knerr cs21 notes...

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WEEK11: defining our own classes/object-oriented programming
 M: classes


 - we've used objects already:

       cenpt = Point(200,200)
       c1 = Circle(cenpt, 100)

   in the above code, cenpt is a Point object, and c1 is a Circle
   object. We also used the Circle class' methods setFill and draw

 - an object is just data *and* functions all together in one "thing"

 - for the above Circle object, the data are the center point, the
   radius (100), and the color. The functions are just the methods
   that do something to the circle (fill it, draw it, move it)

 - in Python, almost everything is an object. Look at the help info
   for str and list and you can see all of their methods:

>>> help(str)

>>> help(list)


 - if we were going to write a game program that uses a deck of cards,
   we would probably write classes for the cards, the deck, and maybe
   a hand of cards, and the players

 - see /home/jk/inclass/ for an example card class

 - terms/syntax/definitions...

       __init__     the constructor method -- called when we create
                    a new variable of this type (ex: c = Card(8, "hearts"))
       __str__      the print method -- called when we print a
                    variable of this type (ex: print c). This method must
                    return a string!
       self         the first parameter to any method. This is just a reference
                    to the object on which the method is acting (if I say
                    c.getRank(), self = c)
       accessors    methods that get or access the object data (like getRank)
       mutator      methods that change object data (no mutators in the Card class)

if __name__ == '__main__':         this line is for testing your new class. if your
  # add your test code here        new class is imported, this code will not be run.
                                   if your class is run directly (like "python"),
                                   then this test code *will* be executed.

"""triple-quote comments"""        also note the use of the triple-quoted comments in!
                                   if you say "import card" and then "help(card)" the documentation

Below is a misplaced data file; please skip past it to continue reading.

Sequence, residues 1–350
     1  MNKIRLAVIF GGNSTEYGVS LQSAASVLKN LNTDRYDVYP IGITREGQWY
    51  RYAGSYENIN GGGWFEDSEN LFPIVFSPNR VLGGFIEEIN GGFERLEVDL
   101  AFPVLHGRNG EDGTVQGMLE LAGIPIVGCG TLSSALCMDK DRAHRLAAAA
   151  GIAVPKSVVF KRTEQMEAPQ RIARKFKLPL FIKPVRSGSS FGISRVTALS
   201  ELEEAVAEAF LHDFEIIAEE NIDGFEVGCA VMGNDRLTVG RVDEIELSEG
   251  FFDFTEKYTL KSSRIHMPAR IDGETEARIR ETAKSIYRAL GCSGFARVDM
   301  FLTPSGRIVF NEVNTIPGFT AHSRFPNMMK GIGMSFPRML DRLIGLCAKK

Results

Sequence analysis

you see *is* the triple-quoted comments!!

SECOND EXAMPLE: deck of cards class

 - here's a second example of creating a new class. See how the card class
   is imported and used? the data for this class is a list of 52 card objects

from card import *
from random import shuffle

class Deck(object):
  """Deck of Cards class. Allows shuffling and dealing of cards"""

  def __init__(self):
    """Constructor for Deck class. Initializes 52-card deck of cards""" = []
    for suit in ["clubs","hearts","diamonds","spades"]:
      for rank in range(2,15):, suit))

  def __str__(self):
    """return string for the entire deck"""
    s = ""
    for c in
      s += c.sname() + " "
    s = s + "\n"
    return s

  def shuffle(self):
    """randomly shuffle all the cards"""

  def dealOneCard(self):
    """remove and return one card from the top of the deck"""
    card =
    return card

  def cardsLeft(self):
    """return number of cards left in the deck"""
    return len(

if __name__ == '__main__': 
  # test code...
  d = Deck()
  print d
  print d


 - object-oriented programming (OOP) is a different way to program. Some
   think it is better (easier to maintain, cleaner) for large, complicated programs.

 - if you write a good general class, it's easy to use it over and over
   in many programs (code reuse == good)

 - some think OOP is more intuitive, since the objects you create usually
   represent real-life objects (cards, planets, students, etc)